Anti Imperialist Action Ireland extends its solemn condolences to the friends, family, and comrades of the victims of the South Tagalog Bloody Sunday Massacre, which took place in the Philippines on March 7th, 2021.
In the early hours of March 7th the homes of dozens of civilians were broken into by the Philippine National Police. In the ensuing chaos, 9 innocent activists of various organisations fighting for indigenous, democratic, and environmental rights were ruthlessly murdered. One man was shot up to 10 times before his corpse was dragged out. The names of those slaughtered are Manny Asuncion, Chai Evangelista, Ariel Evangelista, Makmak Bacasno, Michael Dasigao, Abner Esto, Edward Esto, Puroy dela Cruz and Randy dela Cruz. Among the survivors were the 10 year old son of the Evangelistas, 6 activists illegally arrested, and the victims who escaped, listed as “at large” by the PNP.
This massacre has become known as “Bloody Sunday” in the Philippines, an infamous name which the people of Ireland are already familiar with. For decades the Philippines, a South East Asian island nation, has been the location of a rebellion waged by the New People’s Army as part of the National Democratic Front. In their revolutionary people’s war they have fought against successive corrupt governments which have plunged the Philippines, a nation rich in natural resources, into the misery of unrestricted imperialist exploitation and occupation. This revolutionary army of tens of thousands of guerrillas under the direction of the now 150,000 member strong Communist Party of the Philippines have heroically defended indigenous and oppressed communities from land grabs, environmental destruction, forced evacuations, and imperialist mining projects.
The revolutionaries have successfully united large sections of the Filipino people into a broad movement as part of what they call the national democratic revolution. Much of the several million strong national democratic movement is composed of peaceful, non-military, unarmed activists not affiliated with the NPA. However with the expansion of the revolutionary mass support base, repression against not only the rebels, but also unarmed activists and progressives has dramatically intensified. Under the presidency of Rodrigo Duterte hundreds of civilian activists have been murdered, falsely accused of being NPA members and subsequently gunned down by the military, police, or paramilitary death squads. This process, known as “red-tagging”, showed the world its ugliest side on March 7th.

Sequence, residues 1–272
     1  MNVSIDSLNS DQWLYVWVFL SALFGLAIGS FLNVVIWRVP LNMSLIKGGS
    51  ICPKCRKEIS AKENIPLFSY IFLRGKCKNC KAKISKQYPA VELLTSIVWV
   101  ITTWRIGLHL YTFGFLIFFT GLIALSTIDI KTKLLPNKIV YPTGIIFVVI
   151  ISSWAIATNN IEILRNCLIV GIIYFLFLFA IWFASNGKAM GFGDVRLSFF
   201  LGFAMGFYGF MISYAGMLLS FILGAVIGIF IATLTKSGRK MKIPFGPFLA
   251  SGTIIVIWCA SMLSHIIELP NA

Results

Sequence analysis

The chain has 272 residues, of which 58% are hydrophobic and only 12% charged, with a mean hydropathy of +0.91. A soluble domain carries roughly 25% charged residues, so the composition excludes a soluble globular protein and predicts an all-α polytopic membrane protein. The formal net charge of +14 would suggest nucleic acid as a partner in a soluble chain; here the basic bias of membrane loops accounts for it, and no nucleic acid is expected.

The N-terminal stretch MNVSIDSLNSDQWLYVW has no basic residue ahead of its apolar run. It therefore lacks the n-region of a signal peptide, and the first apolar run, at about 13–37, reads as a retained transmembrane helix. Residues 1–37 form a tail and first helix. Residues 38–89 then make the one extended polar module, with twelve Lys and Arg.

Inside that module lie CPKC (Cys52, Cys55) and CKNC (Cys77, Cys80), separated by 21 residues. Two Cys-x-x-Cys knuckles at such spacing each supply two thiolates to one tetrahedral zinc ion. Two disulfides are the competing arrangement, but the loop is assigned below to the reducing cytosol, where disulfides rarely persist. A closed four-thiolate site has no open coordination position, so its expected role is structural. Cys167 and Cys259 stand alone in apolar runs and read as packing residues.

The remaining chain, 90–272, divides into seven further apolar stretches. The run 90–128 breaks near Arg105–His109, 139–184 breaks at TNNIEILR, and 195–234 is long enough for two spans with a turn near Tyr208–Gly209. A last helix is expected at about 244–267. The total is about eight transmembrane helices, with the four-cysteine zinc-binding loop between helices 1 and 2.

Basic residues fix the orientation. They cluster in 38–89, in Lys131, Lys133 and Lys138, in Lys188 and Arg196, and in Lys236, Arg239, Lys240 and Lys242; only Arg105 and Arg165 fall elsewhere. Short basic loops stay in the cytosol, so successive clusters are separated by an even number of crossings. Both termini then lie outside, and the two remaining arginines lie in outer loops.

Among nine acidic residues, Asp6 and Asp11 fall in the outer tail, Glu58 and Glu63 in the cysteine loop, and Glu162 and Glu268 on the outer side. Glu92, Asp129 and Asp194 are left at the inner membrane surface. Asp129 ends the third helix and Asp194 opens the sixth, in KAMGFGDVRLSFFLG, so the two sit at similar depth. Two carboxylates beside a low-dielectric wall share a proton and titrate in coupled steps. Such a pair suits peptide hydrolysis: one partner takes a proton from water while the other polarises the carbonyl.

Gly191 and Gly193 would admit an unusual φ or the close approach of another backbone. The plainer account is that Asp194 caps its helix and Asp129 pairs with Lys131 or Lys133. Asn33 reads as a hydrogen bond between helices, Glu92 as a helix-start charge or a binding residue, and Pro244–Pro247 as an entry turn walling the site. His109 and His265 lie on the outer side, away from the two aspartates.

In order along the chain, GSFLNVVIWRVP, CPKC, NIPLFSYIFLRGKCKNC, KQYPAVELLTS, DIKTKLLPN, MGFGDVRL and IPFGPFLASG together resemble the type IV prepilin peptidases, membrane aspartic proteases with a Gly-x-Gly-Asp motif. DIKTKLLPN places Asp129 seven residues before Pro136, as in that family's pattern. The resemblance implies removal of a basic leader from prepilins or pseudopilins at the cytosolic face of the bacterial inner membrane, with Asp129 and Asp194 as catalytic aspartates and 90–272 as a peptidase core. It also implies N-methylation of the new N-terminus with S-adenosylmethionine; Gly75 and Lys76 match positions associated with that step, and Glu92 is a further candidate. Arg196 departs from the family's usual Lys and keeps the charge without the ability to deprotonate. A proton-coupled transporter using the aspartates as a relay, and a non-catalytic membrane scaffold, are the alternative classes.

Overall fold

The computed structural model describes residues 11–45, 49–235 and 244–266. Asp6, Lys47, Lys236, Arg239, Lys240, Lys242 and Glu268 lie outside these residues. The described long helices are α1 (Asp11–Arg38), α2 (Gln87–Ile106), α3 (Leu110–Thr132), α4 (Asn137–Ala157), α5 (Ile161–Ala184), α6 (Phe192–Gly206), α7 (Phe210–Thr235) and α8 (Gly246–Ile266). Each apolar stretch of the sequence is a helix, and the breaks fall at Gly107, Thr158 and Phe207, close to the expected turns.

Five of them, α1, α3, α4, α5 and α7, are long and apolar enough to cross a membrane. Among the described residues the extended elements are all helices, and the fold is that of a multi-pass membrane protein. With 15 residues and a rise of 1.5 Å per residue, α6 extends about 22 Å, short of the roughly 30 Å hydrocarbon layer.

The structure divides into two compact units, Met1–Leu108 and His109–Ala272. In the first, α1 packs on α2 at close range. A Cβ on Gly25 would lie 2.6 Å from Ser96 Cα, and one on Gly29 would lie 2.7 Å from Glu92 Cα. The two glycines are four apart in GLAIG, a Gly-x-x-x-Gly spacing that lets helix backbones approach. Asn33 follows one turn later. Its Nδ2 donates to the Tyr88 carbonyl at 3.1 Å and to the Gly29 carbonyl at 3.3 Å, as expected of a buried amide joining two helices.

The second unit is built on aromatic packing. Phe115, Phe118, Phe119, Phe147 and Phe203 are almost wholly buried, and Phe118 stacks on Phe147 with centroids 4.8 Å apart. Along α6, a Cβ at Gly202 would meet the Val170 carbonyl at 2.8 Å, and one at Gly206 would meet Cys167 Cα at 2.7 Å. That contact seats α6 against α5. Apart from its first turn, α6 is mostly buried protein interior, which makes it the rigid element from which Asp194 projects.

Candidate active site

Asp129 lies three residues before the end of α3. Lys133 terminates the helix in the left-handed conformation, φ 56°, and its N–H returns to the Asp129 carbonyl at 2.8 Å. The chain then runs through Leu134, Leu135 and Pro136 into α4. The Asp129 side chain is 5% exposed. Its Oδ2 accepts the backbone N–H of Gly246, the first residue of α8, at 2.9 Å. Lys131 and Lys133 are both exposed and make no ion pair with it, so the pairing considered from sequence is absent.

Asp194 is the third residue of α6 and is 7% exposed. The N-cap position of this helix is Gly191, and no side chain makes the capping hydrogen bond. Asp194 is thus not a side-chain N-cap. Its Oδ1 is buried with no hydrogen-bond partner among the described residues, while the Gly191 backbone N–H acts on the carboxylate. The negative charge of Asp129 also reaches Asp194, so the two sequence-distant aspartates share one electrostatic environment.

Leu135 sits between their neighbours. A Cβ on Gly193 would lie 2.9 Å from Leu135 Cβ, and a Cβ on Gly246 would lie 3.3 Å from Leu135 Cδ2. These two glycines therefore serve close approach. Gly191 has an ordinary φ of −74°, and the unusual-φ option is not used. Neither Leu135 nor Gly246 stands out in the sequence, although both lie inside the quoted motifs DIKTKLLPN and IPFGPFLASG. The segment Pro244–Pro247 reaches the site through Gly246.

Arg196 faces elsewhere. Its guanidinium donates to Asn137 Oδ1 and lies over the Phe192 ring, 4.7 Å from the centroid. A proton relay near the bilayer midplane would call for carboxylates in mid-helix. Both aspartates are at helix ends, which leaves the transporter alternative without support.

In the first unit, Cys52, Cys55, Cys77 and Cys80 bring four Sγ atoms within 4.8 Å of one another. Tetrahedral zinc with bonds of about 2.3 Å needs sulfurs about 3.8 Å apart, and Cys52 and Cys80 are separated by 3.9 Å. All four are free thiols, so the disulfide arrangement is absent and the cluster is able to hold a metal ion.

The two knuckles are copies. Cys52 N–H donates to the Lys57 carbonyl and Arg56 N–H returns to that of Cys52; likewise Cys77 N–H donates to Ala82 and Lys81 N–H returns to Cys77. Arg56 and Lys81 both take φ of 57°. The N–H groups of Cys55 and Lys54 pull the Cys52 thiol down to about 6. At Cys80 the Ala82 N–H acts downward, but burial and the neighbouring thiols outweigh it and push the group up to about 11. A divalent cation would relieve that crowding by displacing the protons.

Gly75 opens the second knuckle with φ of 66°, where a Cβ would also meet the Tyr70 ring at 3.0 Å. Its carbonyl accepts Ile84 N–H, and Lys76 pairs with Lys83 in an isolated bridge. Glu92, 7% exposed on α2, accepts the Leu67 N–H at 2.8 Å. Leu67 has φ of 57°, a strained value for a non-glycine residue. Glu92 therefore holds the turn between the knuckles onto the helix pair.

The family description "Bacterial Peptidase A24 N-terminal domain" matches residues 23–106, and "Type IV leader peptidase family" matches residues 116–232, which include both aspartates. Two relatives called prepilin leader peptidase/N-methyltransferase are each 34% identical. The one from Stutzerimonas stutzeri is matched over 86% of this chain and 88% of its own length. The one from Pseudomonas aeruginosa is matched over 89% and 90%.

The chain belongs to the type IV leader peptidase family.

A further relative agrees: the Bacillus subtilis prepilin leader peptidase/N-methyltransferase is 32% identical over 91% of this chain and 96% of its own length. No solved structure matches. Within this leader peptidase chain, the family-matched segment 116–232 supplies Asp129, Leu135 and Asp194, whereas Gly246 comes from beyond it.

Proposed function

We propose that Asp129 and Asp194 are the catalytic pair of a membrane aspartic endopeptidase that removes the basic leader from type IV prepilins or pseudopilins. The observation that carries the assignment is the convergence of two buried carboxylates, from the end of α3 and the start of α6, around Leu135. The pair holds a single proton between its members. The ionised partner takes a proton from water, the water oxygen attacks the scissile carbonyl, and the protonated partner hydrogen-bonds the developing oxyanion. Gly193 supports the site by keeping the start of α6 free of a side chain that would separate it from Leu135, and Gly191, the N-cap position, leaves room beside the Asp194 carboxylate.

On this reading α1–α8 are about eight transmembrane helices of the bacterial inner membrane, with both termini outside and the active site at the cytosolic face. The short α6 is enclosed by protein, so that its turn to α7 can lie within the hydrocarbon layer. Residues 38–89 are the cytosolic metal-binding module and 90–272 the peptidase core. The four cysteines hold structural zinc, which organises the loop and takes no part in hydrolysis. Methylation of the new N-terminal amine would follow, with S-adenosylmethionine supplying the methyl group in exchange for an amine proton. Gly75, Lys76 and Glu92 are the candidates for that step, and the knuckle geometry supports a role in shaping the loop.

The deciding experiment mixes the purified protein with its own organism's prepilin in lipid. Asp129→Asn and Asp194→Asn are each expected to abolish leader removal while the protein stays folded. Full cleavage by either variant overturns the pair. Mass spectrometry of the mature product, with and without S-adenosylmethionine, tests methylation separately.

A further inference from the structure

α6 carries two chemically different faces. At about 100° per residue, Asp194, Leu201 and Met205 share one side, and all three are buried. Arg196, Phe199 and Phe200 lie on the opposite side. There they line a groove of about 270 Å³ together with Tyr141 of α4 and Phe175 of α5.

It occurred immediately after the bloodthirsty “Kill, kill, kill” order was publicly issued by President Rodrigo Duterte, who in the past has called on his troops to “ignore human rights”, shoot communists “walking around” on the spot, and mutilate the genitalia of captured communist women. This monster receives weapons from imperialists across the world who benefit from his pro-foreign investment policies. Millions of euro in arms exports have been sent to the Philippines from Britain, the EU, the USA, Russia, and China, giving Duterte the means to carry out atrocities just like the Bloody Sunday Massacre against the Filipino people. We must always remember that the blood of the innocent martyrs of South Tagalog is not just on the hands of Duterte and the PNP, but also on the hands of his wealthy imperialist sponsors. The same imperialists that Free State politicians would have us further link arms with amid calls for participation in NATO or an EU military.
Today, on the first anniversary of the massacre, thousands of activists took to the streets in the South Tagalog region to protest the widespread campaign of repression by the fascist Duterte regime against workers, peasants, fishermen, and indigenous minorities such as the Moro or Lumad. The alignment of these events with our own commemorations for the 50th anniversary of the Bogside Massacre of 1972, which is also named Bloody Sunday, brings to mind many parallels between the situations of the Irish and Filipino people. The expressions of solidarity by Filipino revolutionaries during our 50th anniversary commemorations highlight the common ground between the anti-imperialist resistance movements in both of our colonised island nations, and the common characteristics of the butchery of our imperialist oppressors.
At a time when, due to the growing inter-imperialist conflict in Ukraine, imperialist hysteria is reaching a fever-pitch, we must take a principled stand and show solidarity with the revolutionaries of the CPP-NPA-NDF on the anniversary of the South Tagalog Bloody Sunday Massacre just as they were willing to show their solidarity with Irish republicans on the anniversary of the Bloody Sunday Massacre at the Bogside. We must remember them as they remembered us. Despite our geographical and cultural differences, we share far more in common with our Filipino brothers and sisters than we share with the imperialists of Britain or the EU, who our ruling class in the Free State seek to further shackle us together with.